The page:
In some depictions, especially with respect to forms like Chinnamasta, the Shakti is shown as being in a sexual union with Shiva who is lying static on the ground. The imagery is a direct depiction of the cosmic union of Purusha and Prakriti. The fact that Brahman and his power are non-different is being depicted in this imagery. The sexual union being the physical imitation of the cosmic union, the imagery aims to highlight the comic and spiritual union through sexual union. Further, in certain tantrika sadhanas (tantrika practices), the sexual energy is used to attain a spiritual union.

But, these nuances are either missed or deliberately ignored in the western commentary on Hinduism. Their understanding and interpretation of Goddess Kali is completely alien to Hindu world-view. In fact, the depictions of Kali as monstrous mother with a penis or as a whore can be easily branded as blasphemous if such a concept of blasphemy had been present in Hinduism.

This freedom of expression without concepts like blasphemy is being misused by certain quarters of western academia, media, and entertainment industry including Armin Navabi. The tantrika philosophy and spirituality is dismissed as superstition and in their place, perverse, incorrect, and non-existent meanings are being attached to Goddess Kali and other Hindu deities and symbols.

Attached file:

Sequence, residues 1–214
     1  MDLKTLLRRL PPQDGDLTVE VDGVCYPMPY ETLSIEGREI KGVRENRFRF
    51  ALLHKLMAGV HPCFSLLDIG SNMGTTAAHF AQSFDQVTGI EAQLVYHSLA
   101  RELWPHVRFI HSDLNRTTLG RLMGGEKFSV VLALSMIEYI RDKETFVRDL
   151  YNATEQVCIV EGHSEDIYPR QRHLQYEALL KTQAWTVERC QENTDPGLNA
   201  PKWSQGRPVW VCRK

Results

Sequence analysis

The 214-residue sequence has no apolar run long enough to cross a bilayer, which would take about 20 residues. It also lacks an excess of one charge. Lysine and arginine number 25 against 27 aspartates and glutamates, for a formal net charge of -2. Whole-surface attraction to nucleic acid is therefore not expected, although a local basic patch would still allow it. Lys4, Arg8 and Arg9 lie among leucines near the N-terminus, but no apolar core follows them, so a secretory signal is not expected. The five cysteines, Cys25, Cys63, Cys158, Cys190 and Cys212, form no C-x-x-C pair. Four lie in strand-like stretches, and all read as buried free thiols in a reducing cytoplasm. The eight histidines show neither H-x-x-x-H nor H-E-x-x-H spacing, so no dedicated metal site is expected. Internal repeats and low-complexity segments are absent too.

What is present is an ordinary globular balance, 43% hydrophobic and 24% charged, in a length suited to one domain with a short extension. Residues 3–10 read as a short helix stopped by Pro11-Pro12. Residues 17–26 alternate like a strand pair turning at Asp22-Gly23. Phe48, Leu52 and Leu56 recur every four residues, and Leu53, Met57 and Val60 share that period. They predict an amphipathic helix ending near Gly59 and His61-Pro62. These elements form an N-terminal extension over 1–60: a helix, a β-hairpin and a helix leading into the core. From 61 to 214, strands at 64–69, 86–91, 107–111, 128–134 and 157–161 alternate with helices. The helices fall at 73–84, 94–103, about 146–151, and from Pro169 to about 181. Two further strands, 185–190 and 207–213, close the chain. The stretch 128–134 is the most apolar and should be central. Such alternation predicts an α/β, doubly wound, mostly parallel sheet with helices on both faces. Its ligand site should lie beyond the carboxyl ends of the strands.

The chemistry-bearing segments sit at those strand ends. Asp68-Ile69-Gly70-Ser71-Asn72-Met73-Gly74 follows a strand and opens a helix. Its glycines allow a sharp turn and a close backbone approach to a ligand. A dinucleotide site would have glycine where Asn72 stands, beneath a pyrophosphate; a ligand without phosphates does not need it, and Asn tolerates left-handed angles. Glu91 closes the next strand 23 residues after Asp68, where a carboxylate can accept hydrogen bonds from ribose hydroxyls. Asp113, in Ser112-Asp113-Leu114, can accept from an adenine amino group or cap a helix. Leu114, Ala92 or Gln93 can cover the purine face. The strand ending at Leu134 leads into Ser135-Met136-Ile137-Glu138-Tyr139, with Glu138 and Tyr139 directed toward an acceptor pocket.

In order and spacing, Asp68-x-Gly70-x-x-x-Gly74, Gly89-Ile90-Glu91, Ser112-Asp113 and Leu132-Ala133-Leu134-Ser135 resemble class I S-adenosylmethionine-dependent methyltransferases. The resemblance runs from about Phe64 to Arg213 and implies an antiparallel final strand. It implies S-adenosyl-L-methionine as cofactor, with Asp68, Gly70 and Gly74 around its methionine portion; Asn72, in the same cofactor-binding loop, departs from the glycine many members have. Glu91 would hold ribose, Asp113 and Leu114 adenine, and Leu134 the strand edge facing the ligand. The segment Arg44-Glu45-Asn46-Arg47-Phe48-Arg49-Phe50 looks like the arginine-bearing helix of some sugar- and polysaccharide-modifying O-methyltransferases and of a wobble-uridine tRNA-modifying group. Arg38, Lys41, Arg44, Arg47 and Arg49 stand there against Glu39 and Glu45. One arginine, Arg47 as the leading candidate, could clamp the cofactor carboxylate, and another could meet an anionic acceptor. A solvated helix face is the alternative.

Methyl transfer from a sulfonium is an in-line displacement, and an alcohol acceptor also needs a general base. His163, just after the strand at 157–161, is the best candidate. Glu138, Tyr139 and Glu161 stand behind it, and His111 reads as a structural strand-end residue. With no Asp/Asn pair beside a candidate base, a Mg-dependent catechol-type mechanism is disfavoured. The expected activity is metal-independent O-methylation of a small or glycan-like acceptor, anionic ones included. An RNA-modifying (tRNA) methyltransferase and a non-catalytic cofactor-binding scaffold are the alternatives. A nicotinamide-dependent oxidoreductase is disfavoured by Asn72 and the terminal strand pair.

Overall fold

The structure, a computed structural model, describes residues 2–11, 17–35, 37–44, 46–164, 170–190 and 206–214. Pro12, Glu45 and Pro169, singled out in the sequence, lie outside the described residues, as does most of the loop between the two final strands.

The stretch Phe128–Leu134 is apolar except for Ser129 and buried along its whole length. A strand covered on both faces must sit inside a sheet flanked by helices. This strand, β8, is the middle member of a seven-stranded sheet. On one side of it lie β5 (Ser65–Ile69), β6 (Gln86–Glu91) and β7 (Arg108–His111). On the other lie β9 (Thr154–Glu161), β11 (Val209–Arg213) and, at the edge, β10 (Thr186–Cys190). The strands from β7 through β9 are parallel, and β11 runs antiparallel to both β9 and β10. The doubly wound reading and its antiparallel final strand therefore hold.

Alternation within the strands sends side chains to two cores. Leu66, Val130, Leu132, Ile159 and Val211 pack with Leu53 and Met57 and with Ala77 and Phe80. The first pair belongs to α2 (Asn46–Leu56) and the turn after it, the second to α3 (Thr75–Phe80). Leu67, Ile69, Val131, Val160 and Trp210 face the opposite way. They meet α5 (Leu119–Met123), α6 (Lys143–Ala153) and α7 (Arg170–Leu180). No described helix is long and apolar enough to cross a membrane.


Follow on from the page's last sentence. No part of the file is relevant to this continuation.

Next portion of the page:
But, all is not lost.

Every cloud has a silver lining

There are many authors and teachers in the west who have understood Hinduism and Hindu traditions in depth. Their writings and teachings are in conformity with the Hindu philosophy. For example, books by authors like David Frawley and Dr. Robert Svoboda are very thorough and shed new light on ancient teachings.

In 2015 a huge image of Mother Kali was projected on the face of the Empire State Building. It was part of a display by filmmaker Louie Psihoyos and his team Projecting Change to create awareness about wildlife extinction. The display included projection of a large number of endangered animals and at the end of it the image of Mother Kali was depicted.

Regarding the event, this article says: “This Kali apparition over Manhattan may be our last warning. Fierce protectress of truth, she tells it like it is, she beckons us to dive into the dark, to face the stark reality of the global ecological crisis upon us, and to let heartbreak be the ground from which we awaken and serve.”

It further adds: “It is time to get our Kali on inside and out; to cut off the head and commit to the heart on all levels. So many of us are shedding our false selves, empty certainties and small lives, and no matter how much we wish for the safety of the old, the more desperately we hold on, the hotter the fires of the Real.”.

[First published at Newsgram.]